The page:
stolen paintings so that museums can cross-check their acquisitions.
But for art that has been lost, theres nothing to watchdog. Since were not talking about a theft, it could be rather difficult, because were
waiting for a particular collector to grow tired of the piece, says Chris Marinello, executive director of the Art Loss Registry. Or he donates
his collection to a museum and the museum will check with us, or he dies and the estate lawyer will check with us. I would say it would be
more difficult to find than a theft. But its still possible.
A search of auction records could turn up a lost painting, too. Many of the works in Moyens and Wachis estate were sold through Sothebys
and Christies after their death. Marinello volunteered to list Sonnemans work pro-bono. But a preliminary search of public records had
turned up nothing.
Another potential source for news on the painting was Jane Moretz Edmisten, the lawyer who had managed the couples estate. Edmisten
declined to speak on the record because she did not have permission to discuss the couples affairs. But she made it clear that there would be
legal hurdles to finding information about the estate. Several other artists had spoken with her about the boxes of assorted papers that may, or
may not, have contained a receipt of the sale. The boxes had always remained sealed.
Which left one woefully inefficient way of finding the painting: word of mouth.
There were several scenarios: The Last Washington Painting might have been purchased by someone 30 years ago who is now rather old
someone no longer an active part of the art social scene here. It could have been bought by someone who then resold it. Maybe the purchaser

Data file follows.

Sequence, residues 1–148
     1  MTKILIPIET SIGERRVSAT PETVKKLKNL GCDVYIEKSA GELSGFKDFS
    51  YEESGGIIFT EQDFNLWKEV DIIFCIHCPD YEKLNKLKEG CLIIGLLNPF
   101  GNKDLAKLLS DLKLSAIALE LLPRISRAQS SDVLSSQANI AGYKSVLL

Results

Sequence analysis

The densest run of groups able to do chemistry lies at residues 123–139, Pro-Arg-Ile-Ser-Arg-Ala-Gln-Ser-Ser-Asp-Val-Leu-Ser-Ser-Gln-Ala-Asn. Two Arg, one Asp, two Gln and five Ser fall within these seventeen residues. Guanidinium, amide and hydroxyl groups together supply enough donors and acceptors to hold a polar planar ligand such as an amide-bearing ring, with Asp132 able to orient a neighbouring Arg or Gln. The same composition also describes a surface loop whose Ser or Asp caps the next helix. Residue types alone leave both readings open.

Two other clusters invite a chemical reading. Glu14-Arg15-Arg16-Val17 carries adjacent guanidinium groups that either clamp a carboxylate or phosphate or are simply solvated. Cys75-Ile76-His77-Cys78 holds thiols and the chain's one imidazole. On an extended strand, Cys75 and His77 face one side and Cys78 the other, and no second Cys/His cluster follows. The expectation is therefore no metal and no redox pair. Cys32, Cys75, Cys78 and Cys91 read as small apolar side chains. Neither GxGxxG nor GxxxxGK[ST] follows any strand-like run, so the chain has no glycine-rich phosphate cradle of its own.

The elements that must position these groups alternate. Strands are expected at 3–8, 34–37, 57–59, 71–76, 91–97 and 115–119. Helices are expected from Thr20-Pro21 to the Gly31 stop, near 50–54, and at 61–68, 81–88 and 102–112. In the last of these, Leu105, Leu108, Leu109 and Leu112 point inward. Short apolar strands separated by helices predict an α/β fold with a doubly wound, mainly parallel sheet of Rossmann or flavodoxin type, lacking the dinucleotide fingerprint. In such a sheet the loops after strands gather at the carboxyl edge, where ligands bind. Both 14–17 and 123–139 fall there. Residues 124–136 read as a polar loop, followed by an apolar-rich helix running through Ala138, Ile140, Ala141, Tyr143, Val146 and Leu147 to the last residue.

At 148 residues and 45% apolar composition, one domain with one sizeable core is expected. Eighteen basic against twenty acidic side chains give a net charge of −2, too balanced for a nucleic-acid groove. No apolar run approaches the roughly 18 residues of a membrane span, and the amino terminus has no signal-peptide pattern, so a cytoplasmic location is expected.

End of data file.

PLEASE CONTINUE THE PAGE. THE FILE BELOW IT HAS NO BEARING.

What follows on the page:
died and left the painting to a family member who promptly stashed the violent image in an attic.
But Sonneman was convinced that a painting so uniquely Washingtonian couldnt have strayed far.
As our correspondence continued, Sonneman forwarded me a roundup of everyone hed spoken to. The list meandered through the entire
Washington art scene, past and present. There was Annie Gawlak and George Hemphill of G Fine Art and Hemphill galleries, respectively. Art
bloggers Philippa Hughes and Anne Marchand. Rasmussen of the Katzen Gallery. Edmisten, the estate lawyer. And there was also Bill Hill.
Hill is an artist and an art mover, responsible for transporting delicate items to museums. Throughout his 26 years of delivering art up and
down the East Coast, hes been in all of the collectors homes. I thought it would be easy, says Hill. I thought an artist named Rob McCurdy
may have taken it to New York. But an artist got in touch with him, and he said he hadnt seen it since about 1983.
Hill, however, directed me to painter Lisa Brotman. Lisa was very social, Hill says. She had a better grip than I did on the individual
collectors that bought from Gallery K.
And Brotman was eager to help. I was in the Metarealties show too! she exclaims. I even saved the catalog. Not that shed needed it: She
still remembered The Last Washington Painting. That piece was very Gallery K, she says. It was a spectacular painting. They liked
challenging subject matter.
And so the phone calls began. Brotman called artist Bill Newman. Sonneman called Benjamin Forgey, a former art critic of The Washington
Star who retired as The Washington Posts architecture critic in 2006. He also e-mailed artist Michal Hunter and tried to track down former
art dealer Chris Middendorf. Rasmussen remembered that a woman named Rosie had been connected to the estate, but he had no other
details about her. Back and forth we went, each person referring us to someone wed already contacted.
Each time we circled back, we tried to find new contacts within every category Moyens and Wachi associated with: artists, collectors, gallery